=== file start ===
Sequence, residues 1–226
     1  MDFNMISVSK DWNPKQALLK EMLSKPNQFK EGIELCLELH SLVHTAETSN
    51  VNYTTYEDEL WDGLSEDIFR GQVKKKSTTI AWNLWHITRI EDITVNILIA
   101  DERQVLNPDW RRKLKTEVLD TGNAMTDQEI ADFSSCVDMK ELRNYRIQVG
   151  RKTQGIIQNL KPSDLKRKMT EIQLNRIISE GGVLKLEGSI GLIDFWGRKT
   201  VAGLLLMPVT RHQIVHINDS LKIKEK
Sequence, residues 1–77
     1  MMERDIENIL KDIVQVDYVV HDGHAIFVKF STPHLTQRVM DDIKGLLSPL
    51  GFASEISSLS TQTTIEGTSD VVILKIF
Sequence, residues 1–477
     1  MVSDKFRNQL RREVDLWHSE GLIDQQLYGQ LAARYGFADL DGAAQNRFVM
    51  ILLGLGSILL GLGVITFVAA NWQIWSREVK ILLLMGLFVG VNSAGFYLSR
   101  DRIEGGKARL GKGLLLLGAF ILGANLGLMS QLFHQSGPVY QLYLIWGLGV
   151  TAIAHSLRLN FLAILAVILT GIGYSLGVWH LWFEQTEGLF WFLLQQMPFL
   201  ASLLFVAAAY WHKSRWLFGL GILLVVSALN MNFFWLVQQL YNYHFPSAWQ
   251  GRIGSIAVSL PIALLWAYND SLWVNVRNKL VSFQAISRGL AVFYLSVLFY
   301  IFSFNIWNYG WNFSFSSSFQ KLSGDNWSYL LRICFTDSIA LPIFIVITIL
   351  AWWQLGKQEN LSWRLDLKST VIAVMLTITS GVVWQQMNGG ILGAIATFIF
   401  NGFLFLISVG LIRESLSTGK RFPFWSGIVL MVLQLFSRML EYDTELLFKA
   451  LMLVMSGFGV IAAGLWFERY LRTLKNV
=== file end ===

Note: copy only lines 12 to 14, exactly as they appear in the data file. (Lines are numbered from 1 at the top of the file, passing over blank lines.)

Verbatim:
    51  ILLGLGSILL GLGVITFVAA NWQIWSREVK ILLLMGLFVG VNSAGFYLSR
   101  DRIEGGKARL GKGLLLLGAF ILGANLGLMS QLFHQSGPVY QLYLIWGLGV
   151  TAIAHSLRLN FLAILAVILT GIGYSLGVWH LWFEQTEGLF WFLLQQMPFL